The Results: This oatmeal was crumblier than I anticipated based on the photo of a neat square in the cookbook. I had quite a bit of trouble cutting a neat square, even with appropriate cooling of the granola. The photo below is the only square I managed to cut. The rest was eaten in pieces. However this was very tasty and great for sprinkling into yogurt or munching dry.

I was sadly unable to share the granola with one of my children as she is pecan allergic. Therefore this was an adult only food in my house, but I would bet that older children would enjoy it. Obviously this granola is not for the toddler set as it contains some choking hazards.

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White Chocolate Chip & Dried Apricot Cookies

I love cookies but I have never appreciated oatmeal raisin cookies. That’s why I was delighted to see The Silver Platter cookbook agreed with me and placed white chocolate chips and apricots in these oatmeal cookies instead. I made these to bring to work on my birthday, together with the Chocolate Chunk Cranberry Cookies on the next page.

Ingredients: vegetable oil, brown sugar, sugar, egg, vanilla, flour, rolled oats, baking soda, salt, dried apricot, white chocolate chips

The Process: I preheated the oven to 350 and lined some baking sheets with silicone baking mats. The recipe suggests parchment paper but I find I get better results with the silicone mats and they are reusable and therefore better for the planet. I then mixed the oil, sugars, egg and vanilla until blended. I then took the dry ingredients and mixed them into the wet ones until combined into a ball. The apricots and chips were folded in.

I used a cookie scoop to place golf sized balls onto the baking trays and pressed each to slightly flatten it. They were then baked for 12-15 minutes.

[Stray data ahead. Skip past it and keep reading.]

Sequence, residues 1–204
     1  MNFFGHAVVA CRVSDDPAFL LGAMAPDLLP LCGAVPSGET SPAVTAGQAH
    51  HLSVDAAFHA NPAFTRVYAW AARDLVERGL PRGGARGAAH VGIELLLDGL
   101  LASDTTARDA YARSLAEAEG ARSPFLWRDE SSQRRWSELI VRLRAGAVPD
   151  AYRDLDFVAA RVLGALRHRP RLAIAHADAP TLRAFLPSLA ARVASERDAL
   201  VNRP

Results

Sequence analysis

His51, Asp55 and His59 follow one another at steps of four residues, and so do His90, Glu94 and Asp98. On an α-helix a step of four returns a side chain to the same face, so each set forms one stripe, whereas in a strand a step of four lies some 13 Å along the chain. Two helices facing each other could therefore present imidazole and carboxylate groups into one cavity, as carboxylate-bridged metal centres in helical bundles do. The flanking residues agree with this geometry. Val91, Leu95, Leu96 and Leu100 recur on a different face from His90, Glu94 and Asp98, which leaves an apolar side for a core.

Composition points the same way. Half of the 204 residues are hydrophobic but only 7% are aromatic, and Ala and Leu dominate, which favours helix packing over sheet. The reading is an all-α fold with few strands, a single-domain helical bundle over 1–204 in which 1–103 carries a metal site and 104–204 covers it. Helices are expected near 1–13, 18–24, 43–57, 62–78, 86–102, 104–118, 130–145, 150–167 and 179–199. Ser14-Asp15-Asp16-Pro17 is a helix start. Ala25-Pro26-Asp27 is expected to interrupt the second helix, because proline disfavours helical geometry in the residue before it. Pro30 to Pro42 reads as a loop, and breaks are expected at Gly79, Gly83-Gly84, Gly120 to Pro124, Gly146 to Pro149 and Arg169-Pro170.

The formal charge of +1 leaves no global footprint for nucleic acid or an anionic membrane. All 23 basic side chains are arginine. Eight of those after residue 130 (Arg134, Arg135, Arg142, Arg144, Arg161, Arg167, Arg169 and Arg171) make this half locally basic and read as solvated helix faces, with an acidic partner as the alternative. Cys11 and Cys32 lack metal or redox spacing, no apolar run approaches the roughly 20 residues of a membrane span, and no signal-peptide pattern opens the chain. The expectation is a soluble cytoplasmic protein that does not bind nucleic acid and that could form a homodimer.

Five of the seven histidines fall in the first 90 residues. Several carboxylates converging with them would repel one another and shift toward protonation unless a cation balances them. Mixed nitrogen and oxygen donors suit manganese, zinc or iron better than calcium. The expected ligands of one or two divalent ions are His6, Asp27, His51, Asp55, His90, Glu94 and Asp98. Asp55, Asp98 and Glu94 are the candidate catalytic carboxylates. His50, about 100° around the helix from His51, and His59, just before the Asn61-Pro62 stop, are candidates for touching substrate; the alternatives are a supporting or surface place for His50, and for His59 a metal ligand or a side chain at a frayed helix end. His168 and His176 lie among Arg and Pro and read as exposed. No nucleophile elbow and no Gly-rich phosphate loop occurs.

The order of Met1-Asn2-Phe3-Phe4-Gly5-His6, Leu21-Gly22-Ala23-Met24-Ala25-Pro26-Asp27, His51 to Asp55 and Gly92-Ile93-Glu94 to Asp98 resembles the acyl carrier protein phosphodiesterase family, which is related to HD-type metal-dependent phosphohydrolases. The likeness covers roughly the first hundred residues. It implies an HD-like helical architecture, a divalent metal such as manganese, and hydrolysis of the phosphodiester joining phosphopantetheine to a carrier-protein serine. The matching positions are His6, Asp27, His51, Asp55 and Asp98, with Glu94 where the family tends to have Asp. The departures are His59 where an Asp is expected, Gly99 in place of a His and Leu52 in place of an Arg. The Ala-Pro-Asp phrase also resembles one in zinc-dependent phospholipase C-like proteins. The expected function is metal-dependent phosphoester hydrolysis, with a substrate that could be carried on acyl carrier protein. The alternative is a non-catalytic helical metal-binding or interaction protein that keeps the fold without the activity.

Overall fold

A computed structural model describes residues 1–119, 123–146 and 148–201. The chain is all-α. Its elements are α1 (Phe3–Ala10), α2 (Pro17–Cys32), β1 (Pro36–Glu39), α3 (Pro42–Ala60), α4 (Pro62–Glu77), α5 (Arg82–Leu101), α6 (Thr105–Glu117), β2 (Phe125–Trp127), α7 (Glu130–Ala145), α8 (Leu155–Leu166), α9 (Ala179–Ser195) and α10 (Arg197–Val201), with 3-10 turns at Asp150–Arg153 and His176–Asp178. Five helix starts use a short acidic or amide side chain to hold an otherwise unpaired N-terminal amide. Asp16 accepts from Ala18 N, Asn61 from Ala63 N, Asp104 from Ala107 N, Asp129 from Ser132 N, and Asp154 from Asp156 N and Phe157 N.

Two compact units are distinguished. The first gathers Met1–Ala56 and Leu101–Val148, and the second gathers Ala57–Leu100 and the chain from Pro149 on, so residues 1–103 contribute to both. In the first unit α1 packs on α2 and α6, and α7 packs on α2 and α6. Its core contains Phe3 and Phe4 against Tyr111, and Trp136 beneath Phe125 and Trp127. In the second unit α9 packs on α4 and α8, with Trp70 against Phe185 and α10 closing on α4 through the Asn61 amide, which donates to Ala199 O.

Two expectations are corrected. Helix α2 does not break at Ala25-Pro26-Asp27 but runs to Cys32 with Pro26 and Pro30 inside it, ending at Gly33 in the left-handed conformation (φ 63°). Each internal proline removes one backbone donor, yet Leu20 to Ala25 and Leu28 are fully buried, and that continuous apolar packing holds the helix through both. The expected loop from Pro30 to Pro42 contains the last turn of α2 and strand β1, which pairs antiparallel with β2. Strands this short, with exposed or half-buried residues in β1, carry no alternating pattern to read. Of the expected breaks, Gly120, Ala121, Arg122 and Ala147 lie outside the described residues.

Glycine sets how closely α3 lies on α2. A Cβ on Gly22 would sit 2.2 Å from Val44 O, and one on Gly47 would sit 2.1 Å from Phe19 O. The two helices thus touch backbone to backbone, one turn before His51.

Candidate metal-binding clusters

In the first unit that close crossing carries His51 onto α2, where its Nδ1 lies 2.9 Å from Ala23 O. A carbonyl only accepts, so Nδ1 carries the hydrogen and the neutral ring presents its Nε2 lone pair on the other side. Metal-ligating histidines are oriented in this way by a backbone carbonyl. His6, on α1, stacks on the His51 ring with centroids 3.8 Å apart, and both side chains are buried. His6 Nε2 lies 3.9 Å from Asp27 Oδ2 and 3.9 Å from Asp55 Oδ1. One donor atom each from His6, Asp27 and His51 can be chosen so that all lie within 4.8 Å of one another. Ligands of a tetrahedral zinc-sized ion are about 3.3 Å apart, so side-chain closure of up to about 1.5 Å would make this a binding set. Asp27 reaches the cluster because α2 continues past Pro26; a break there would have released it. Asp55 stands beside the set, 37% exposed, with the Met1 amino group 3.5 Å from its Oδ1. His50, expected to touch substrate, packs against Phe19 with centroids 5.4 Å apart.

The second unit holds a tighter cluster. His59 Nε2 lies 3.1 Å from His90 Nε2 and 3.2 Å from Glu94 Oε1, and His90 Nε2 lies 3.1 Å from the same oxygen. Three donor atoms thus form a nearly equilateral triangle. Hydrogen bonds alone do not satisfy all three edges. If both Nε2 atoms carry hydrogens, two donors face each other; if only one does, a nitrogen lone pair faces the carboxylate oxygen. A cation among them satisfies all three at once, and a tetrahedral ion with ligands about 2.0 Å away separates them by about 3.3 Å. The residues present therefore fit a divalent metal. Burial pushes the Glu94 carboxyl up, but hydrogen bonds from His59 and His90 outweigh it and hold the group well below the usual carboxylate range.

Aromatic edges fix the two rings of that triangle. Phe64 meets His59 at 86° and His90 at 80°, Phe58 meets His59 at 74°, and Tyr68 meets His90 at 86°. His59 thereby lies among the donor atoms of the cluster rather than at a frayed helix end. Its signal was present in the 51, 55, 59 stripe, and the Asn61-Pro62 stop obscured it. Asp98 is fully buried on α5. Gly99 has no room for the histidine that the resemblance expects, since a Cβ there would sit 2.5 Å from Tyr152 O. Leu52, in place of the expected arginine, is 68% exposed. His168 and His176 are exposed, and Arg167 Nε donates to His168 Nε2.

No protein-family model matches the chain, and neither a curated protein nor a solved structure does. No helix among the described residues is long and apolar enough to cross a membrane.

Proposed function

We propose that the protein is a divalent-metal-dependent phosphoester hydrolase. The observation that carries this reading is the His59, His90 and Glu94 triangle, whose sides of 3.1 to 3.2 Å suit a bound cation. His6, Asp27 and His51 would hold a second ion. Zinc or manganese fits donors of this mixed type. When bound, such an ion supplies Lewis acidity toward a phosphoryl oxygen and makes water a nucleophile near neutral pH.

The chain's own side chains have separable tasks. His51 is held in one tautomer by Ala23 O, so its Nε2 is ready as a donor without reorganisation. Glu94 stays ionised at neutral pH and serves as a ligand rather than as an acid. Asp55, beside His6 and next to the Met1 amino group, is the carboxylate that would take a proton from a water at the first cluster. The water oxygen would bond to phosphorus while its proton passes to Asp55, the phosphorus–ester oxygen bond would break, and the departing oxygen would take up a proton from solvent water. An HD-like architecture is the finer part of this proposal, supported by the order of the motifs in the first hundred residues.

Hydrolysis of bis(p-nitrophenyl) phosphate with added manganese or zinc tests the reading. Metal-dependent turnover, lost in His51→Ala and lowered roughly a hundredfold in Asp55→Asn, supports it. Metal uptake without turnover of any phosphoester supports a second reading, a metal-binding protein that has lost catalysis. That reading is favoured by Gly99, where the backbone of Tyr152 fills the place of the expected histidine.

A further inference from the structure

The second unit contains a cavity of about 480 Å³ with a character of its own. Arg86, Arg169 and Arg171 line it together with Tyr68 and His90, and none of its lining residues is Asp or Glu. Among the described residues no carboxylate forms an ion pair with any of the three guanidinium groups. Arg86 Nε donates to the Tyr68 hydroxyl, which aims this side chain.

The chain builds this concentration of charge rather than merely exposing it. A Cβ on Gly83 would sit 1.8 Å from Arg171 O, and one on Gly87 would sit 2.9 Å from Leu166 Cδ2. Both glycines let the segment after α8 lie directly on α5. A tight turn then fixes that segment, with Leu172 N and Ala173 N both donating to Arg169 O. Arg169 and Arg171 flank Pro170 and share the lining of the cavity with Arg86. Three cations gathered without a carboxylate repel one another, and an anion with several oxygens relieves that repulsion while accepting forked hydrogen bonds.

Results: Delicious! They flew off the plate. I brought some to work and they too flew off the plate. Apricot is definitely a much pairing with oatmeal than raising for me. The only mildly time consuming part was cutting the dried apricots and even that took only 2-3 minutes.

Mommy’s Asian Chicken and Spaghetti

Who doesn’t love spaghetti? What kid won’t eat chicken? Put the two together and you have a staple food in our house: chicken and spaghetti. However this recipe from The At Home Gourmet is not the traditional Sephardic chicken and spaghetti we are used to. It uses soy sauce for a more Asian taste and looked like it would take significantly less time to create.

Ingredients; spaghetti, chicken cutlets cut into strips, olive oil, garlic, soy sauce, sugar, ground ginger

The Process: First things first, you have to boil the spaghetti according to package directions and drain it. Nothing surprising about that.

While the spaghetti was cooking I sautéed the garlic in the olive oil and then added the chickens trips to the hot pan and cooked them for about one minute. Then I added soy sauce, sugar and ginger. The chicken was coated in the resulting sauce, and cooked for another 4-5 minutes. I found stirring and having a non stick pan important to prevent the chicken from burning. I tossed this into the spaghetti, a